What a person did as an occupation can very often give the family history researcher a greater insight into their ancestorâ€™s life. It may also be a useful way of distinguishing between two people who happen to have the same name and that you need to work out which belongs in your family tree and which one does not.
Another reason to look into a forebearâ€™s occupation is that it may help you to work out an ancestor’s social status, political affiliation, or migration pattern.
Skilled trades were often passed down from father to son and so having regard to an ancestor’s occupation may also be a useful tool in identifying a family relationship with others who happen to have the same name.
An important point to remember, in your research, is that people’s occupations sometimes changed. I have an ancestor who changed from being a gunsmith to working in a pawn brokers and another who changed from being a cordwainer (shoemaker) to being a boatman on the river. Workers may suffer accidents or simply get ill and so are no longer fit to work in their primary trade. When this happened they were often forced to take on less prestigious jobs as they grow older. Many of our unskilled ancestors would have had a variety of jobs which depended on the season and local trade requirements.
I have wondered about one of my ancestors exaggerating their occupational qualification status in the census returns and I am sure that I am not alone in this! Clearly not everyone would be completely truthful. Just keep in mind that the census collections may exhibit some embellishment as to what your ancestor did; e.g., from Labourer to Mason, Carpenter to Cabinet maker, or from journeyman to Master craftsman.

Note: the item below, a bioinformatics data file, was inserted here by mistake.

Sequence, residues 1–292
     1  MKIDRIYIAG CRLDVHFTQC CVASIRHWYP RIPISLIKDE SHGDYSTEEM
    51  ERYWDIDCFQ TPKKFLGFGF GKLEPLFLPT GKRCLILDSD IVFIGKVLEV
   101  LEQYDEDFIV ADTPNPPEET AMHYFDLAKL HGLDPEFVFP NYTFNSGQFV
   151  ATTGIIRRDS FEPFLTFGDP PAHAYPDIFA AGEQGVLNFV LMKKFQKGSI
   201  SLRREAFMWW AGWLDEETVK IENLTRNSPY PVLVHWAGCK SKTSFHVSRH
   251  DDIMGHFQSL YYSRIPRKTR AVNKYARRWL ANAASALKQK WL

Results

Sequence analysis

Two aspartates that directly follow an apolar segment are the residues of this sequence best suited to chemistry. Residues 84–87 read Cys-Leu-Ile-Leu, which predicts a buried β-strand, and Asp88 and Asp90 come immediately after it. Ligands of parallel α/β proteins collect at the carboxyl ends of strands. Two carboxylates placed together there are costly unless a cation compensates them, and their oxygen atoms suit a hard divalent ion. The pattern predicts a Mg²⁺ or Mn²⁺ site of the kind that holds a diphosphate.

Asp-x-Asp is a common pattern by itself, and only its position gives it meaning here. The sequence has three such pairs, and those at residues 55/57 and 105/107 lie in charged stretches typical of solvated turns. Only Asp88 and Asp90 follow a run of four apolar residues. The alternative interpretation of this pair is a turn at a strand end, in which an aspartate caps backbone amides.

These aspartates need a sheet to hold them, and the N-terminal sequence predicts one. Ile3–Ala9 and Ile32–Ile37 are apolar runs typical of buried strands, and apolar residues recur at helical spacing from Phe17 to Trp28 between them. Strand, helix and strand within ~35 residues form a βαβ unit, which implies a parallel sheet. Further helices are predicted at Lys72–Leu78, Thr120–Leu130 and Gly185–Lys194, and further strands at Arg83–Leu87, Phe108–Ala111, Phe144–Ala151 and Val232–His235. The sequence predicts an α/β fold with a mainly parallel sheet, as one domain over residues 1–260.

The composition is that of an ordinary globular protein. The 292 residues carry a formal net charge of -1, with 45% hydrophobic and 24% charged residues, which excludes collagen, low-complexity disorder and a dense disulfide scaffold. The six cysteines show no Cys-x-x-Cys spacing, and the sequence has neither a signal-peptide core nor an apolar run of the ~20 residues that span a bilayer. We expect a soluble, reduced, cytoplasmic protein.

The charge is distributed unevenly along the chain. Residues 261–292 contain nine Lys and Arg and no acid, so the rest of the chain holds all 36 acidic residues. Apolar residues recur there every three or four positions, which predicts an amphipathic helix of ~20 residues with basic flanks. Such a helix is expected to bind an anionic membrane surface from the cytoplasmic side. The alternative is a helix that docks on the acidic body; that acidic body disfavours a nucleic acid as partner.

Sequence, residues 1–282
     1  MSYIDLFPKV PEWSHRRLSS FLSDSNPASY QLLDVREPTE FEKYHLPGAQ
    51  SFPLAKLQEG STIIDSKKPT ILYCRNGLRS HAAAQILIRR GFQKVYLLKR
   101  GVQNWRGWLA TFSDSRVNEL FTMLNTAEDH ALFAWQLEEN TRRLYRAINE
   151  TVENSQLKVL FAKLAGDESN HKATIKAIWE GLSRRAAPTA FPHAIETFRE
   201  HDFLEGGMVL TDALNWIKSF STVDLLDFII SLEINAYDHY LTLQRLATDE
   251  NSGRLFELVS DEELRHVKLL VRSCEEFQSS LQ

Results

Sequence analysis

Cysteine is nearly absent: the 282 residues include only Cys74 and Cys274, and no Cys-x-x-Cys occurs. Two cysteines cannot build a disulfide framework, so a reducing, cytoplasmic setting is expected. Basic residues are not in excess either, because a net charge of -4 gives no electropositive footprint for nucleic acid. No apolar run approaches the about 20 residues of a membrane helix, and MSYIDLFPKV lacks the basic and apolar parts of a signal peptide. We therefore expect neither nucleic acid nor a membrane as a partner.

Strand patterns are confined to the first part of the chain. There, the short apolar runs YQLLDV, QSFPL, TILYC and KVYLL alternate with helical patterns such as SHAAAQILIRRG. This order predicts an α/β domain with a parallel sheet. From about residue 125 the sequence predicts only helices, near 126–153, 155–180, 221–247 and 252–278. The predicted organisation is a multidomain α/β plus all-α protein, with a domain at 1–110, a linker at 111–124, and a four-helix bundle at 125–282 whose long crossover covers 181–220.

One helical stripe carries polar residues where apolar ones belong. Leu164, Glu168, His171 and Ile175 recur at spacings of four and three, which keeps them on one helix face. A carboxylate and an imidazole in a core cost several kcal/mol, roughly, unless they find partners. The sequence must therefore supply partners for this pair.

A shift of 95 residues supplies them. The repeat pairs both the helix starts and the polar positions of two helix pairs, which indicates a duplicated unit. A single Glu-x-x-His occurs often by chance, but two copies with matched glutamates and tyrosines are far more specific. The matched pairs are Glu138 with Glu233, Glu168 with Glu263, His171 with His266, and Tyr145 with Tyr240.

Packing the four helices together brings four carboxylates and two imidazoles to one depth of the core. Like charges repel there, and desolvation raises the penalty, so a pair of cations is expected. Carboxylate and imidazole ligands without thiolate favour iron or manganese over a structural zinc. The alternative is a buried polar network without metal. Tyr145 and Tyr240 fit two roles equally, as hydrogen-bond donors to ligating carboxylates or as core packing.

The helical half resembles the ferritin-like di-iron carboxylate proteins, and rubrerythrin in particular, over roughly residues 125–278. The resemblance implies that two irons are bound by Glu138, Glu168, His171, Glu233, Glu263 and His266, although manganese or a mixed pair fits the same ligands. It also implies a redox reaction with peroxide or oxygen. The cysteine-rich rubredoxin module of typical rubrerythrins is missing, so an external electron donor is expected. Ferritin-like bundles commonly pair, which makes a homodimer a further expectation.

Names for old or unfamiliar local occupations have the potential to cause us confusion if they are poorly legible in the record we are consulting. A prime example is the similarity between the words ostler (a keeper of horses) and a hostler (an innkeeper) which could so easily be confused for one another.
In a similar manner, some descriptions of occupations may also pose us problems. One of my Plymouth ancestors was a General Commission Agent, another a Merchant in London, but what did they do? I am yet to find out what areas of commerce these two distinct gentlemen worked in in spite of trawling the trade directories. Several trades have regionally preferred terms. For example, “shoemaker” and “cordwainer” have the same meaning in some places.
Finally, we need to remember that many apparently obscure jobs are part of a larger trade community, such as shipbuilding, framework knitting, or gunmaking.
We can look for occupational data in several places. It may be found in the records of occupational licenses, tax assessments, the membership records of professional organisations to which our ancestors belonged, trade, city and town directories, census returns, and civil registration vital records.
There are a number of websites available that explain many of the obscure and archaic trades, here are two that I have found:
Clearly, the occupations that our ancestors carried out on a day to day basis can give the family history researcher an insight into their forbearâ€™s life, as well as providing clues about other family members and the social status of the family. The data may be used by us to distinguish between two people of the same name; but all along we have to be aware that our ancestors may well have been telling little white lies and embellishing their actual job descriptions to the officials compiling the records.